With bated breath, Filipinos are waiting for the next moves of Vice President Leni Robredo to prove that she can take charge of the anti-narcotics campaign along the Western health approach that treats drug dependents as being afflicted with a disease.
Such a perspective is ideal for the powerful drug syndicates since what follows next is a more accommodative view on narcotics, to the extent of the legalization of the use of some substances.
Robredo as drugs czarina started with a sound bite: “Are you ready for me?” reminiscent of the empty rhetoric of former President Noynoy Aquino.
Liberal Party bigwig Caloocan Rep. Edgar Erice is already offering excuses for a possible fumble as he admitted in a television interview that Robredo does not have the expertise in handling the anti-narcotics enforcement.
Robredo, nevertheless, recently gave an assessment that the war on drugs was a failure and that “it should not continue.”
The campaign’s effectivity for the more than three years under Rody is reflected in its 82 percent public approval based on recent surveys.
Under the yellow regime of Noynoy, the country was heading towards a narco state as government institutions were turned into conduits for the drugs trade that was the basis for the allegations that resulted to the detention of Sen. Leila de Lima, the Justice secretary then.
Narcotics syndicates had taken advantage of the approach of treating drug addiction as a health problem, which is the advocacy of Robredo and the Western nations and institutions that she is expected to tap.
The United Nations and the Western world have been pushing for the country to “adopt a public health approach, and harm reduction initiatives that comply with human rights standards.”
“People who have fallen into the trap of drug reliance need help to rebuild their lives; drug policies should not be more of a threat to their lives than the drugs they are abusing,” according to the Western principle on treating the crisis that is a solution that Robredo subscribes to.
The Vice President is also expected to provide institutions such as the United Nations Human Rights Council and the International Criminal Court an opening to start an investigation into the war on drugs.
The demonization of the flagship pursuit of the President that Robredo is actively part of centers on the allegation of 27,000 extrajudicial killings and the existence of a vigilante squad that is abetted by Rody.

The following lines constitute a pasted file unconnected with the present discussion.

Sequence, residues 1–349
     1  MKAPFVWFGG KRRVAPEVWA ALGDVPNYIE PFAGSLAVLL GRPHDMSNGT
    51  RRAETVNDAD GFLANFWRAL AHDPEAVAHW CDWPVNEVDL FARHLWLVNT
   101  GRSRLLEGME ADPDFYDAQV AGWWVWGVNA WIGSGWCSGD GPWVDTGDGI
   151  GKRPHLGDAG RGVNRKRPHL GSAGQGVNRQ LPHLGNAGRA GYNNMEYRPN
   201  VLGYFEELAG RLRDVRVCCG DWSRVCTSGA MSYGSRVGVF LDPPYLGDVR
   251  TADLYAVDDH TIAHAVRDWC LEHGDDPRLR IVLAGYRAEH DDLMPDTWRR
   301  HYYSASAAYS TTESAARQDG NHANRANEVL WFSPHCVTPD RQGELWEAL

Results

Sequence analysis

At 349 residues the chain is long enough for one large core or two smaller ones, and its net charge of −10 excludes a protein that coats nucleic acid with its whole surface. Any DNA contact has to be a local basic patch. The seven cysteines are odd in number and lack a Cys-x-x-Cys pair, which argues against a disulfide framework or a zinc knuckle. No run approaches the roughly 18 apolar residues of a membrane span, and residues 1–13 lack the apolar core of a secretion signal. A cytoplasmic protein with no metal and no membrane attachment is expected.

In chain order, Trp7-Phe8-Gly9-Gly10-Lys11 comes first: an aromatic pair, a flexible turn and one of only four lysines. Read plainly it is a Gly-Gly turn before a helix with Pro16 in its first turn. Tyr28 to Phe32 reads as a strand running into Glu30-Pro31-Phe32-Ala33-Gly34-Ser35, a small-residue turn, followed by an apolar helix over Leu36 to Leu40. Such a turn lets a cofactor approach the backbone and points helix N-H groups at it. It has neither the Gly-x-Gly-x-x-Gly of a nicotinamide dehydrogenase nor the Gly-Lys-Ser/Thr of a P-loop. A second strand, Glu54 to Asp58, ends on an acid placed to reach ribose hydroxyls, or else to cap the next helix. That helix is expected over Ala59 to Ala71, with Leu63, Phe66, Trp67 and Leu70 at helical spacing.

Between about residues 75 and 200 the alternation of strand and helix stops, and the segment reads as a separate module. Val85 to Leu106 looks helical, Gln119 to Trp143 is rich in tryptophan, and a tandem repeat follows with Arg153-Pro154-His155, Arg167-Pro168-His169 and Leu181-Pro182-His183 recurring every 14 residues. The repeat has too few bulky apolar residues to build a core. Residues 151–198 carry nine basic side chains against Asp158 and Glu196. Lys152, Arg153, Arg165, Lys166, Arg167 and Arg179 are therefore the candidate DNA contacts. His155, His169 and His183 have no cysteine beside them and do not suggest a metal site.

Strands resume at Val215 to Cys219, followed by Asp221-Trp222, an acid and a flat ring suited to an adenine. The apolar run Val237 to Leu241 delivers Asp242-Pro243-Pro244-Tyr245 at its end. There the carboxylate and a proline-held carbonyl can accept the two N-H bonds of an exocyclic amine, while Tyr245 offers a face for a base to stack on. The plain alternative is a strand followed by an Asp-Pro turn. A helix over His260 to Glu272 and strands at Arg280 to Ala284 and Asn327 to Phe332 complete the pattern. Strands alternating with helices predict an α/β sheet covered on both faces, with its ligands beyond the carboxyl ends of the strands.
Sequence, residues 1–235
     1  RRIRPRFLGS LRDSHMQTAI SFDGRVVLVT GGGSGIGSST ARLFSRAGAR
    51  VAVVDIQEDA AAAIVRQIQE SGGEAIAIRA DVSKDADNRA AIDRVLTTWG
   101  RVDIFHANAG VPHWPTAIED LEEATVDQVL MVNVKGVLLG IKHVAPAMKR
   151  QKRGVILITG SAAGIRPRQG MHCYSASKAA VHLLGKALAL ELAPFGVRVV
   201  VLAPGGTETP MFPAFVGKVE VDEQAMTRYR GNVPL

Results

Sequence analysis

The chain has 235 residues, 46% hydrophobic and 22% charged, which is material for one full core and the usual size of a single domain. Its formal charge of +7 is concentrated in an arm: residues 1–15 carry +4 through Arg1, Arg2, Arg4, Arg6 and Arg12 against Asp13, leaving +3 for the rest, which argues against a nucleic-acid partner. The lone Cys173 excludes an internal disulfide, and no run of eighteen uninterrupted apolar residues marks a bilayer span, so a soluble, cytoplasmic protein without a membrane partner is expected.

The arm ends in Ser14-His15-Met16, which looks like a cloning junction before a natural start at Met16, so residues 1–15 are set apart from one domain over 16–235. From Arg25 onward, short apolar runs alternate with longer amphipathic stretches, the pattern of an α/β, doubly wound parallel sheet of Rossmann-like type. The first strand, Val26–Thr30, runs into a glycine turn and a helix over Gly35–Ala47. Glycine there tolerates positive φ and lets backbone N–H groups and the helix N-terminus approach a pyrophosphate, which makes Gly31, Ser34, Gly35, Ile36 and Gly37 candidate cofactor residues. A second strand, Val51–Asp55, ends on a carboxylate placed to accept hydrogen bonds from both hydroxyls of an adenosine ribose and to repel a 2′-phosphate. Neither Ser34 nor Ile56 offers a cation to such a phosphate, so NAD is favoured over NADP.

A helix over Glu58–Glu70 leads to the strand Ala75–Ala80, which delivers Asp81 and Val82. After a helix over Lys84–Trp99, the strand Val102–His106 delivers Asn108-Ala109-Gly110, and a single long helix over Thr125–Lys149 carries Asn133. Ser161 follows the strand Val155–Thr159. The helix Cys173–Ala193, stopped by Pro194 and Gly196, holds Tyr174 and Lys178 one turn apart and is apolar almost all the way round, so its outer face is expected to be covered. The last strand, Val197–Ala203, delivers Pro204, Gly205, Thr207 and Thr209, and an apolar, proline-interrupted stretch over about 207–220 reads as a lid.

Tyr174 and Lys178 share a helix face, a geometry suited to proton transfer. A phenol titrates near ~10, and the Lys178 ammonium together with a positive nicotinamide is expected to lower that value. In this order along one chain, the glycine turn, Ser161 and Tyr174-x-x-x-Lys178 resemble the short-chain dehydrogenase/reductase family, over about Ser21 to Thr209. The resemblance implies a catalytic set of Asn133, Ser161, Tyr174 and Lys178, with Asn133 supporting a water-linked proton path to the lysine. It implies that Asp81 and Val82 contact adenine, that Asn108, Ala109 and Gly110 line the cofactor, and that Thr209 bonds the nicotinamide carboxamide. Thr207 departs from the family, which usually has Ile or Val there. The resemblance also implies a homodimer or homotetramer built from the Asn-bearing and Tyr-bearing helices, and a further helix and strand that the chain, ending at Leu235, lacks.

The clinical approach to the drugs problem that Robredo will pursue will entail huge costs, since it would require the setting up of rehabilitation centers and the provision of expensive treatment, which Rody in his discussions about the drugs problem said the country can’t afford at the moment.
The narcotics epidemic, meanwhile, spreads like wildfire, and the syndicates are ready to exploit the weakness in the government resolve against the crisis.
Recent studies primarily from the UN showed that the drugs problem had grown exponentially worldwide, and that the programs implemented among countries using the liberal approach to address it failed in contrast to the greatly improved situation in the country under Rody’s war on drugs.
An incontrovertible proof on the gains of the Philippines’ program against drug trafficking is the recent survey showing eight out of 10 Filipinos support the campaign.
Other countries such as Bangladesh, Indonesia and Sri Lanka had also adopted the war on drugs as a model.
US President Donald Trump had also sought pointers from Rody on stopping the huge narcotics problem in the United States.
Rody, when he took power, anticipated the effect of the drugs problem on Philippine society and addressed it in the most effective way he deemed possible.
Now, it is Robredo’s turn to prove her mettle as the drugs czarina and with it the chances of the yellow mob for a political comeback.
The equation is clear — If she fails, the yellow Liberal’s extinction is cemented; success would mean a golden chance for 2022.